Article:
I will thank fellow citizens of Knicks Land–traditional media and bloggers–to stop telling me how to feel about the 2019 NBA Draft Lottery. For all the losing and misery of the past two-plus decades, we should all be well-acquainted with disappointment. And, we should all know that it need not stem from a sense of entitlement or some other moral failing. It’s a big part of being a Knicks fan. Like any half-sensible fan, I knew that a 14% chance of the getting the top pick meant an 86% chance of not getting it. A golden ticket to Zion was always highly unlikely and yet not getting it is still worth mourning for a few days. For those Knicks fans who, like me, are still on the head-shaking portion of the famous Zo .gif, we can get to the head nod without all the lecturing and shaming. Thanks.
To be clear, I’m far from feeling whoa-is-me despair but the tenor of the past few days post-lottery have felt too weird and Stepford Wife-y for my taste. So, here’s my “gritty realism” take on where things stand.
- All hail our Pelicans overlords. Only New York and New Orleans could effectively “control” the offseason coming out of the lottery. And in truth, NY’s control, even with a golden ticket to Zion Williamson, would have been mostly theoretical unless and until Kevin Durant actually signs. With NO winning the lottery, it has the equivalent of two infinity stones already in hand. It’s not just that NY didn’t get its way. It’s that the lottery gifted the only other actor with the potential to shape the entire offseason with precisely that power. Do people not understand that it is David Griffin’s world now? This, incidentally, raises another question. Is he the secret son of Lucifer? Because, I mean, come on. That man has had way too much NBA lottery fortune for any Arizona State alum. (Ed note: #BearDown.) Meanwhile, the Knicks have STILL never drafted above (and rarely even at) their record since 1985.
- NY’s trade assets have no clear competitive advantage in any potential Anthony Davis deal. The only routes to star-quality veteran talent are free agency, the trade market, and the draft, which are interconnected. We can ignore free agency here since we cannot know NY’s odds of signing Durant or any star. The lottery outcome ensured that NO got the draft’s lone consensus star, the only trade asset that could’ve prevented an auction for Anthony Davis. (As we know from economics, auctions are usually hella expensive for the buyer.) With that outcome conditions are now ripe for a Davis auction involving (at least) the Celtics, Knicks, and Lakers. All can offer vaguely comparable packages, depending on Griffin’s strategy and preferences. And, of course, if he really is the son of Lucifer as I suspect, maybe he gets Davis to stay in New Orleans to play with Zion.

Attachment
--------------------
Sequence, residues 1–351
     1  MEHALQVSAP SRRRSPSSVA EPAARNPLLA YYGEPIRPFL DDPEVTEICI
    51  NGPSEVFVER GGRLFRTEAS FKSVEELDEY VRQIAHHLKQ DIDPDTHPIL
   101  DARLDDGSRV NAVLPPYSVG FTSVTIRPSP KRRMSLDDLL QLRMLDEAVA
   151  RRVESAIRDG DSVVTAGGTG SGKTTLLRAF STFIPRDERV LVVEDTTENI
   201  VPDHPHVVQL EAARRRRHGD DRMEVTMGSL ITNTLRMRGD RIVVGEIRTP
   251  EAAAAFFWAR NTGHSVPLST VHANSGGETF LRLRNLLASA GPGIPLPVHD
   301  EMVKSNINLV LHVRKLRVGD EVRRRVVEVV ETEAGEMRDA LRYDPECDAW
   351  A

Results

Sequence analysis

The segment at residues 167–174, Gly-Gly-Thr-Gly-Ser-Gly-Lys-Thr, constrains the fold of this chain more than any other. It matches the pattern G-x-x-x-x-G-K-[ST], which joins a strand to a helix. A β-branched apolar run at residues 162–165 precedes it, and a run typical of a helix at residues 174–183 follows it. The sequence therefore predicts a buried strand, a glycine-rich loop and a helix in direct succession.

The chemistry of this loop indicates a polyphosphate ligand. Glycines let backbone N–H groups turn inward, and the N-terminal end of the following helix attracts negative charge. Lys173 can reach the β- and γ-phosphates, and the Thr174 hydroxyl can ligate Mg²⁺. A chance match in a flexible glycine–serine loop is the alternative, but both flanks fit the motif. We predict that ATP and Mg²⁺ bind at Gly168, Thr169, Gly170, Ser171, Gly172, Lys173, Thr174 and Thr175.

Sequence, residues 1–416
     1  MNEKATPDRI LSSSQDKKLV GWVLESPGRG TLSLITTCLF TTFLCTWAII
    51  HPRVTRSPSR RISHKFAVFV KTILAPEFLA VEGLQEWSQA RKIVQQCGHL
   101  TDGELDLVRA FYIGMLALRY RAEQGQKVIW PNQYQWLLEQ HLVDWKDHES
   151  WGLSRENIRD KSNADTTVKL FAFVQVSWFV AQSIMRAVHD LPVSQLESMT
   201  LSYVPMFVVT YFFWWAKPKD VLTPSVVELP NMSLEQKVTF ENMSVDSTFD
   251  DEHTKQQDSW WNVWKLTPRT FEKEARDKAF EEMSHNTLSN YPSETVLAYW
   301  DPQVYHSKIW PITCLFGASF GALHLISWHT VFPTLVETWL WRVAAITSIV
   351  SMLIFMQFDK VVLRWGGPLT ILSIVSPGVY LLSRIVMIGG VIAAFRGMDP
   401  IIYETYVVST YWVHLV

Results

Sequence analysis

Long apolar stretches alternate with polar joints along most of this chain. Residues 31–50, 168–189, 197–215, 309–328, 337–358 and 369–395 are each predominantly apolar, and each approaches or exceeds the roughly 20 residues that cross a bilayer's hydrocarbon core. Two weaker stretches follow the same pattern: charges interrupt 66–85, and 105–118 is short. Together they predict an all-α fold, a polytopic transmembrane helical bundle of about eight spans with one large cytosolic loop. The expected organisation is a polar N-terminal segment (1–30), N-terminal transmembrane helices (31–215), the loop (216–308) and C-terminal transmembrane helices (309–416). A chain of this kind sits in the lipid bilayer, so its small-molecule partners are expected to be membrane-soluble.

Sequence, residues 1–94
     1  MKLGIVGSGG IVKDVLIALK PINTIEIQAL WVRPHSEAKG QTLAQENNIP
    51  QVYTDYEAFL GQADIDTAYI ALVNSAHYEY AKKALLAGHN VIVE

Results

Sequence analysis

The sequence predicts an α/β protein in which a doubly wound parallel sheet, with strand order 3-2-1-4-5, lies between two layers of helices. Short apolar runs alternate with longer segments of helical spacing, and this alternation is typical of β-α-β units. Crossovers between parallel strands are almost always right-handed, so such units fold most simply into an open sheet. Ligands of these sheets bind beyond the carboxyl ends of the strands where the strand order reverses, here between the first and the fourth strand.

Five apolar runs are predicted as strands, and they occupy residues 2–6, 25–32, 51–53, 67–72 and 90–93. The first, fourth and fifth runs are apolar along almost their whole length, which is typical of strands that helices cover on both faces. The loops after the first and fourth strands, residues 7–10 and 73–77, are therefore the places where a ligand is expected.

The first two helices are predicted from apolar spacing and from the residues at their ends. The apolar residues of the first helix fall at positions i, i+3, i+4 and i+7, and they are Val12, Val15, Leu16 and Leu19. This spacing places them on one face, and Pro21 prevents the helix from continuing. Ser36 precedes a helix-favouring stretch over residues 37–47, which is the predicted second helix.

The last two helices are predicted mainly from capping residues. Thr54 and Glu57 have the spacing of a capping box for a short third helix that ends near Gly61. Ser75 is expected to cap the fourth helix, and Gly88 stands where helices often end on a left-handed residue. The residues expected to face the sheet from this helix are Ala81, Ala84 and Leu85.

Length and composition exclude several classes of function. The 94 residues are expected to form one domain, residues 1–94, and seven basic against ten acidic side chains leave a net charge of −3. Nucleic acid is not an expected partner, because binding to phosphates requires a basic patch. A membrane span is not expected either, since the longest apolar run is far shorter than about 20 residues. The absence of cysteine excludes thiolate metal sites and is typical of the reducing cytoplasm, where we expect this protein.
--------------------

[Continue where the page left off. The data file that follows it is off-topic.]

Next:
- Pending new info or insight, color me skeptical of RJ Barrett. New York may prefer, or be forced by circumstance, to draft and develop the #3 pick. Obviously, no one controls the distribution of talent in a given draft. (This must be true because no one with the power to stop it would have allowed the 2000 draft to happen. Jamal Crawford–who I love–might have the best career in that class. Yikes.) I’ve been told this is a three player draft. Are we sure? The more I read about the presumed #3 prospect, the less I like him. I’m no scout, but I wonder why we should consider Barrett a substantially better prospect (if at all) than, say, Miles Bridges. So much of what I’m reading about Barrett seems overly-reliant on counting stats, puffery, and an unreasonable amount of apologizing for a LOT of selfish play. He’s middling or bad on every advanced metric, save rebounding. It’s VERY easy to overvalue basic percentages for an 18 yr. old prospect, but what are people hanging their hats on with Barrett? It’s not cloud-piercing athleticism. It’s not a fabulous stroke, is it? Now, he is an elite rebounding wing. But even that makes me wonder whether he was an early bloomer who got reduced to a mid-range chucker by ACC-quality athletes. So much of his ballyhooed productivity seems like an artifact of a frightening usage rate that generated over 700 shots but only a 1.3:1 assist-to-turnover ratio. Obviously, none of this dooms him as a prospect. But if Mills & Perry are buying into Barrett as much as virtually everyone else they better work him out to within an inch of his life and know exactly what he’s made of before pulling the trigger.
All that said, it’s a better time to be a Knicks fan than in a long time. The team is well-positioned to make a significant move in its journey toward decency this offseason. Yet the unlikeliest of teams–The New Orleans Pelicans–will play a bigger role than anyone would have imagined a week ago in determining just which paths the Knicks can and cannot travel on that journey. To sum things up, in the words of the great Bill Connolly of SBNation, “sports are dumb.”